The tiger said, ‘Of course, Thakur, everybody does that!’
The priest said, ‘No, never! Come with me, let me ask three testifiers. Let’s hear what they have to say.’
The tiger said, ‘Okay, done. If the testifiers agree with what you have to say, I’ll let you go and I’ll leave. But if they agree with what I say, I’ll gobble you up.’
The two went out into the field to look for testifiers. Farmers often leave a raised piece of ground in between two plots of land -– it is called an aal3. The priest pointed to the aal and said, ‘There’s my first testifier.’
The tiger said, ‘Right, ask him. Let’s hear what he has to say.’
The priest then asked, ‘Hey you, Aal, you tell me, if I do someone a favour, will he return it with a disfavour?’
The Aal said, ‘Oh yes, Thakur. Look at me. I stand between the fields of two farmers. It’s such a big help to them. One cannot take away another person’s land; the water from one land doesn’t flow into the other person’s land. I do them such a great favour -– but the rascals run the plough over me to expand their land.’
The tiger said, ‘You heard that, Thakurmoshai? If a favour is usually returned with a disfavour?’
Thakurmoshai said, ‘Hold on, I have two more testifiers to go.’
The tiger said, ‘Okay, let’s go.’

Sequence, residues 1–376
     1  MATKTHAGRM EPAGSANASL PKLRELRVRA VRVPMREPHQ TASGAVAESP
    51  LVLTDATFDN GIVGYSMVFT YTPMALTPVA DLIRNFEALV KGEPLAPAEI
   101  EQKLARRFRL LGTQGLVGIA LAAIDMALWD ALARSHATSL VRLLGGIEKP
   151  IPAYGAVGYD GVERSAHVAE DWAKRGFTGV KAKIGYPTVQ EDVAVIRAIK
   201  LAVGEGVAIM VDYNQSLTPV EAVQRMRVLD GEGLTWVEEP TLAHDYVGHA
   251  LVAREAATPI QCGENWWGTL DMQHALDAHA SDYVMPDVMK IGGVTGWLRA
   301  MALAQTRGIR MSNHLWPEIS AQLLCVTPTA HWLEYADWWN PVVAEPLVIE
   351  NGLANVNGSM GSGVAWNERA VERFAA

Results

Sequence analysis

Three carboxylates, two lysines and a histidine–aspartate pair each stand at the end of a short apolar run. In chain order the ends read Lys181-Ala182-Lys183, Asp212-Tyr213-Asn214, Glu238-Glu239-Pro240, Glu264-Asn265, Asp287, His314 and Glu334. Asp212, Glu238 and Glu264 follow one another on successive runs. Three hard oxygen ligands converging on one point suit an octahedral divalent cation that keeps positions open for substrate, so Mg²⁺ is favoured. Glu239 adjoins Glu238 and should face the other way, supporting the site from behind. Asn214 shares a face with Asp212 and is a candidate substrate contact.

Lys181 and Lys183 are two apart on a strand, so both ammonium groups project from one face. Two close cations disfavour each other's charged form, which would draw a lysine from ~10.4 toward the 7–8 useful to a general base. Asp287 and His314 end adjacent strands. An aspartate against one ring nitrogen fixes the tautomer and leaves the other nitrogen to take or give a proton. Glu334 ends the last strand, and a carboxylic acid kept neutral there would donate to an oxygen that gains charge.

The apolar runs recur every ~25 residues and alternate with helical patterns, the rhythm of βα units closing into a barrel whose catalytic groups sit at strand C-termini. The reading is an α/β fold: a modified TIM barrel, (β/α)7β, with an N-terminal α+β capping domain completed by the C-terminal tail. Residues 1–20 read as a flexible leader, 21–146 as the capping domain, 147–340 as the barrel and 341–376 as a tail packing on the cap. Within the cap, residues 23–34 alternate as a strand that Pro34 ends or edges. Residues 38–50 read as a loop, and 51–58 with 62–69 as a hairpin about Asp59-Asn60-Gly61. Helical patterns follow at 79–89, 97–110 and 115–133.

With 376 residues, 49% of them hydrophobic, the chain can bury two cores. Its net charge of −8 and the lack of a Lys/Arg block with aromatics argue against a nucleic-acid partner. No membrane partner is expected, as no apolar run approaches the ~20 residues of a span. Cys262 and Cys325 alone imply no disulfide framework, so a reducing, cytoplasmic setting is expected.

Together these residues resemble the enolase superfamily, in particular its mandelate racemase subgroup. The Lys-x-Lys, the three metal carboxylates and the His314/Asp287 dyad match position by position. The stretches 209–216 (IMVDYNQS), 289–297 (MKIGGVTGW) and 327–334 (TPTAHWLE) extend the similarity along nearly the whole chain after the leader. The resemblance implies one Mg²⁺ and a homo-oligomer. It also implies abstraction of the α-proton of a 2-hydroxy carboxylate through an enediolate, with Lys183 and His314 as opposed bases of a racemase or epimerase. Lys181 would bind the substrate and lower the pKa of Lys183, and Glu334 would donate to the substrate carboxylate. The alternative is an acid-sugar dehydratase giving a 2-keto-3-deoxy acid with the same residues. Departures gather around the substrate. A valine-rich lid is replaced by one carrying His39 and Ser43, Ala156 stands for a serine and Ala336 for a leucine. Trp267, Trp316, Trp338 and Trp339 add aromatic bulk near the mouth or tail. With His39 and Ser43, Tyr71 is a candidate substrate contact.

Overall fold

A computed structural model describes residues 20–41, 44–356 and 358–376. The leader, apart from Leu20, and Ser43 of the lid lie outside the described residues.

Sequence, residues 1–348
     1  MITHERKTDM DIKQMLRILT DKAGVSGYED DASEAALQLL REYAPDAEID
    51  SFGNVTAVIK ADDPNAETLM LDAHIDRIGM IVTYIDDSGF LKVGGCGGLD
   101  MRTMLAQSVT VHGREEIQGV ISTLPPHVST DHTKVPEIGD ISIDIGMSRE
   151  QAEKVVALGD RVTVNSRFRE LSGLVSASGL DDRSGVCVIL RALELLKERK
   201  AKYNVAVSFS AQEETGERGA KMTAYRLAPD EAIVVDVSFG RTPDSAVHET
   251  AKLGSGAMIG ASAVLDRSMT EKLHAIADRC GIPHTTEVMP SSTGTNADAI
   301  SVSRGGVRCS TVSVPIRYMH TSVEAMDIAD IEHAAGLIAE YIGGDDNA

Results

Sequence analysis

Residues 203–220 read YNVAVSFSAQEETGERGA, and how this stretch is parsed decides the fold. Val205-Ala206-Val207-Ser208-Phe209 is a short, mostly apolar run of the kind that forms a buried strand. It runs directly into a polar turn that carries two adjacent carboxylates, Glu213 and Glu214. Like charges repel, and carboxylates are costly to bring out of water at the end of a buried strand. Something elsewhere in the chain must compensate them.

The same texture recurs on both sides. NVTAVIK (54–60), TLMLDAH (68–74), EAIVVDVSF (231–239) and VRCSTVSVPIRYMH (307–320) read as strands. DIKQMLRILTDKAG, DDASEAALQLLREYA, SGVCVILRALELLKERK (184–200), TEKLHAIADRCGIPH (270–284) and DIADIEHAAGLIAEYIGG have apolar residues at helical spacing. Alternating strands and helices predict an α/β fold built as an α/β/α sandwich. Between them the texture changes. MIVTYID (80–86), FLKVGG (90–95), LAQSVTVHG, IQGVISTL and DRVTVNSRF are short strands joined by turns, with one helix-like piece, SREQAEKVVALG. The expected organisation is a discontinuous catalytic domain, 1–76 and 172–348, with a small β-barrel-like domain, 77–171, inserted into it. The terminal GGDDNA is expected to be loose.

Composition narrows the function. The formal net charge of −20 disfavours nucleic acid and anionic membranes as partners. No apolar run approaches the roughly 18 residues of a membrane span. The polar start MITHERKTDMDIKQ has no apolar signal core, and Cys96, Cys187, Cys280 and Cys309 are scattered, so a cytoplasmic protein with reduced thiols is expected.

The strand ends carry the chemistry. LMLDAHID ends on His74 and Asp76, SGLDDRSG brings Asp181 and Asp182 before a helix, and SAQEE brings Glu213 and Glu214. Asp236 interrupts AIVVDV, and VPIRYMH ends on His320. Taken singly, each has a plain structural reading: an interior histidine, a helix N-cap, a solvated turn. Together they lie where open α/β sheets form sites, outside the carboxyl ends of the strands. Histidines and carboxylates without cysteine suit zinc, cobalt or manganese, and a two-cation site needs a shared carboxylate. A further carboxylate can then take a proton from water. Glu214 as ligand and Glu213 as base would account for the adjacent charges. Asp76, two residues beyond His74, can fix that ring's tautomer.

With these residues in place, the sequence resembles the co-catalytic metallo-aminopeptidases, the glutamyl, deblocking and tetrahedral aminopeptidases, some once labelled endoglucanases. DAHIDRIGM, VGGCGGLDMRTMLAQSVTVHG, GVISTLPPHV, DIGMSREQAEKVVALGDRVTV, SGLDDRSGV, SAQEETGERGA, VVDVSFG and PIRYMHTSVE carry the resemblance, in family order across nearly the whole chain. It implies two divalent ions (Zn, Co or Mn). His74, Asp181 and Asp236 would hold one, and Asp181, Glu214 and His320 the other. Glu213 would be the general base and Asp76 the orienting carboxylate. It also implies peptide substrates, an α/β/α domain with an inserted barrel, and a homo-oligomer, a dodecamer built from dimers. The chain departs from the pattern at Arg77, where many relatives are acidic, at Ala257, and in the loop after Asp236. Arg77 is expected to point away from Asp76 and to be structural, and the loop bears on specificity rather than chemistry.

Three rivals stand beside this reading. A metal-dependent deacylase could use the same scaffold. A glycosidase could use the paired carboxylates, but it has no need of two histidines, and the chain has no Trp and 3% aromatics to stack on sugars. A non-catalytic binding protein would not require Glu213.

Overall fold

There was a banyan tree in the middle of the field. Thakurmoshai pointed at it and said, ‘That’s my testifier.’
The tiger said, ‘Fine, ask him. Let’s hear what he has to say.’
Thakurmoshai said, ‘Dear Banyan Tree, you are quite old. You’ve seen and heard a lot. Tell me something, would people be bad to the one who is good to others?’
The banyan tree said, ‘That’s the first thing people do. Those folks out there sat under my shade to cool themselves but they poked and pricked me for my gum. On top of that, to hold that gum, they plucked my leaves. Now look there, they are walking away with a branch broken from my trunk.’
The tiger said, ‘Now what, Thakurmoshai? Did you hear what he said?’
The priest was now in a fix. He didn’t know what to say. It was just then that a fox was passing by. Thakurmoshai pointed at that fox and said, ‘There is my other testifier. Let’s hear what he says.’
He then called out to the fox and said, ‘O wise Fox, wait a minute. You are my testifier.’
The fox stopped but didn’t come close. From that distance, he asked, ‘How’s that? How did I become your testifier?’
Thakurmoshai asked, ‘Tell me, son -– if someone does you good, would you return it with something bad?’
The fox said, ‘Who has done whom what good, and who has done whom what bad? When I hear that I could tell.’